LAF Rear glass $289.97
Spoon style (ebay)side mirror $30.00

Blox camber Front $179.90
Blox camber rear $109.90
Blox lower control arm $ $135.00
ST coilover kit $949.99
Buddy Club Spec II exhuast $ 495.00
DC sport header 4-2-1 $371.28
Blox test pipe $90.00


Adding the cost of the car, paint job and other parts, their fuel efficient VX has cost them over $9,000.00

They could've bought a nice a 1st gen Honda Insigt and call it day.


http://images.wikia.com/cardfight/im...02-496-370.jpg

kaiba 09-04-2013 01:51 PM

"What was most satisfying to everyone was that the Ecorun Civic met the projected goal of 60 mpg on the flat highways, and 50 to 55 mpg on mountainous terrain."

http://www.moderntiredealer.com/chan...x?prestitial=1

svt98t 09-04-2013 04:15 PM

Quote:

Originally Posted by UltArc (Post 388644)
Neither of these two... :/

pitot tube?

-ryan s.

cbaber 09-04-2013 04:43 PM

$9000 for 60 MPG? Why didn't the just get some advice from WD40's Civic VX? They covered 2000 miles during summer, WD40 has covered 68,000 miles and is at 57.5 lifetime MPG.

While I guess this is good press and coverage for ecomodding, I am still disappointed at the results. All of ecomodder.com's top 10 gas cars are over 60 MPG, 7 out of 10 of them sharing a similar platform to the magazine car. And I bet you they haven't invested $9000 to get 60 MPG.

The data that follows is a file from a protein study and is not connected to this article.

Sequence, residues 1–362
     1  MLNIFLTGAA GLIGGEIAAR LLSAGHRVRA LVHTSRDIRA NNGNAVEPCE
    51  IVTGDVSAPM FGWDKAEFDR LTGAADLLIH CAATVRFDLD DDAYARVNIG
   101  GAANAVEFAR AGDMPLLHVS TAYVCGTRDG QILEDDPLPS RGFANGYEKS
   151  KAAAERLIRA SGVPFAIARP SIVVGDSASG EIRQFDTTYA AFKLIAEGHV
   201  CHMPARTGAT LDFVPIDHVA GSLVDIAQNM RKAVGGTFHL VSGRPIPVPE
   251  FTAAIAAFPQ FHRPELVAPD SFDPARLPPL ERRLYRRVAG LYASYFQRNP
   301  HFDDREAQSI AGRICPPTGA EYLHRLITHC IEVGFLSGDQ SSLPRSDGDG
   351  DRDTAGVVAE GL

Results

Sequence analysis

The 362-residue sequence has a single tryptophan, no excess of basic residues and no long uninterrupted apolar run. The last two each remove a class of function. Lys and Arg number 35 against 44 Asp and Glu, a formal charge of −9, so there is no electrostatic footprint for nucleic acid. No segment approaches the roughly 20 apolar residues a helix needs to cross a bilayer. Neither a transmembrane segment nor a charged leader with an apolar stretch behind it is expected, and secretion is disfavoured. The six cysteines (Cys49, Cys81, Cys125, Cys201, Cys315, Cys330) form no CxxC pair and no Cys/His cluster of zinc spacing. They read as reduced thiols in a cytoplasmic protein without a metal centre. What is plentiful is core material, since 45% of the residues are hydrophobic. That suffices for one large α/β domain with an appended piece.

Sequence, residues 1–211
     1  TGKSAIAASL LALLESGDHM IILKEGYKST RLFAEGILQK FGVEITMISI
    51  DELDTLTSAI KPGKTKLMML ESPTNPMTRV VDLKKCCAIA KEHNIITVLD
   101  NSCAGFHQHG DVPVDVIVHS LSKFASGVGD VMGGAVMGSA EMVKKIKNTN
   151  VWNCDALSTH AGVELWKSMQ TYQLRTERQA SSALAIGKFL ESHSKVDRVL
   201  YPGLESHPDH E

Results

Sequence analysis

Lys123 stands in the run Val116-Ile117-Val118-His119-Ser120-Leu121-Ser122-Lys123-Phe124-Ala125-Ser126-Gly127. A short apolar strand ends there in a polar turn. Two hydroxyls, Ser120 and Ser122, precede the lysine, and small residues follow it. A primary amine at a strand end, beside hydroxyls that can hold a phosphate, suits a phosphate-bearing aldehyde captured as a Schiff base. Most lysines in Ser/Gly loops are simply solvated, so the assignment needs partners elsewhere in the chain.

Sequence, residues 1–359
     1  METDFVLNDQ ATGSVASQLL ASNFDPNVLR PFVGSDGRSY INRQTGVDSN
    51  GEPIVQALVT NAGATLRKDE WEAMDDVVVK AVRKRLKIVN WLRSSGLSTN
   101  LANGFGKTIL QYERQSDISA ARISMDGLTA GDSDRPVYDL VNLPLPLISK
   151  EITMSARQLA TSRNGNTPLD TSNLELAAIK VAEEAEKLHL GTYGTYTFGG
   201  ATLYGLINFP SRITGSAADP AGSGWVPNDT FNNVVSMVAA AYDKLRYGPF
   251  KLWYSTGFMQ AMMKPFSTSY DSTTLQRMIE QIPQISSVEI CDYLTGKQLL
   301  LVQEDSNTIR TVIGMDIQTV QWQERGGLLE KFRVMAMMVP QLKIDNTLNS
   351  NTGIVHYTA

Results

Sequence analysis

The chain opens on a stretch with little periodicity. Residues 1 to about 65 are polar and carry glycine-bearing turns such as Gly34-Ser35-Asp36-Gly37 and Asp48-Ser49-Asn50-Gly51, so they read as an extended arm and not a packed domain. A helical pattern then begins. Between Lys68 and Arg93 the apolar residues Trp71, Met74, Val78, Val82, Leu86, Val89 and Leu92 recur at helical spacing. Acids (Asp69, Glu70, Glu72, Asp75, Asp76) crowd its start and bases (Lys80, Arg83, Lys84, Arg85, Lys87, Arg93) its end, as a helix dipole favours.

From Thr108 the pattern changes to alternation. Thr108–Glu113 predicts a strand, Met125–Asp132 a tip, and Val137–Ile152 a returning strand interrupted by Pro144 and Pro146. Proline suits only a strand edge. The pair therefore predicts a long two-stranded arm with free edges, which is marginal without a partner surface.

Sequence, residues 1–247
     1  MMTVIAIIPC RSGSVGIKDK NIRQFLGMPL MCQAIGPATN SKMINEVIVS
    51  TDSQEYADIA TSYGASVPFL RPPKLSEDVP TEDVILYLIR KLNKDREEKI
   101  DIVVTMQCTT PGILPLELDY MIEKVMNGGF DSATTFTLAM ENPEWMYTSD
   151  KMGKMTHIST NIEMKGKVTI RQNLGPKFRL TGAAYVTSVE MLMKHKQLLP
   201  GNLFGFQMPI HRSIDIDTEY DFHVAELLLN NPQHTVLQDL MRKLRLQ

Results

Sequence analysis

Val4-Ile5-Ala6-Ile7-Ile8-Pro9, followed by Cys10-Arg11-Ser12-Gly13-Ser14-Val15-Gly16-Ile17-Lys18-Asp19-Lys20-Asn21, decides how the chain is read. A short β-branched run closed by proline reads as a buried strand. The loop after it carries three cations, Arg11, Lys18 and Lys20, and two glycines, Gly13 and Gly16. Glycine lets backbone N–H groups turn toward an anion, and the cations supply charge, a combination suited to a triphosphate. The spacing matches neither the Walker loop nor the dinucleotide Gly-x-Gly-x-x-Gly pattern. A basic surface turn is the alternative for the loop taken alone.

UFO 09-04-2013 04:57 PM

Dude, it's got to LOOK good. Looks are everything.

Xist 09-04-2013 08:27 PM

Quote:

Originally Posted by UFO (Post 388790)
Dude, it's got to LOOK good. Looks are everything.

Does it look economical? Does it sound economical?

Don't those magazines usually focus on cars that look and sound fast, instead of testing them on dynos and on tracks?

spacemanspif 09-05-2013 12:07 AM

Quote:

Originally Posted by MetroMPG (Post 388743)
Silly, of course they'll be checking for NOS!

That is a terribly misinformed statement. You only need NOS when there are 2 Jay Zs around :p

http://farm3.staticflickr.com/2437/3...c41e64eaac.jpg

Hondas are so fast from the factory that they don't need cheap power in a bottle.

Can someone please make sure to post up when Import Tuner updates the project...its not exactly a website I visit on a daily basis lol.

Xist 09-05-2013 12:43 AM

Wow. I think that picture caused a micro aneurysm.

Exactly where are those headlights pointing? They seem to be about 45 away from each other.

samwichse 09-05-2013 08:52 AM

Why did they make such a big deal about it being PRACTICAL, not like us ecomodders, but something PRACTICAL. They said PRACTICAL about 10 times like some kind of mantra... good for every day driving.

Then they proceeded to gut the entire interior, something most people here wouldn't even do due to the noise/discomfort. And remove the air conditioning. And replace the steel doors with "for offroad use only" cf parts. Would you want to get into a side impact with a brittle door like that to your side?

Seems to me they're going about it exactly 180 degrees from practical.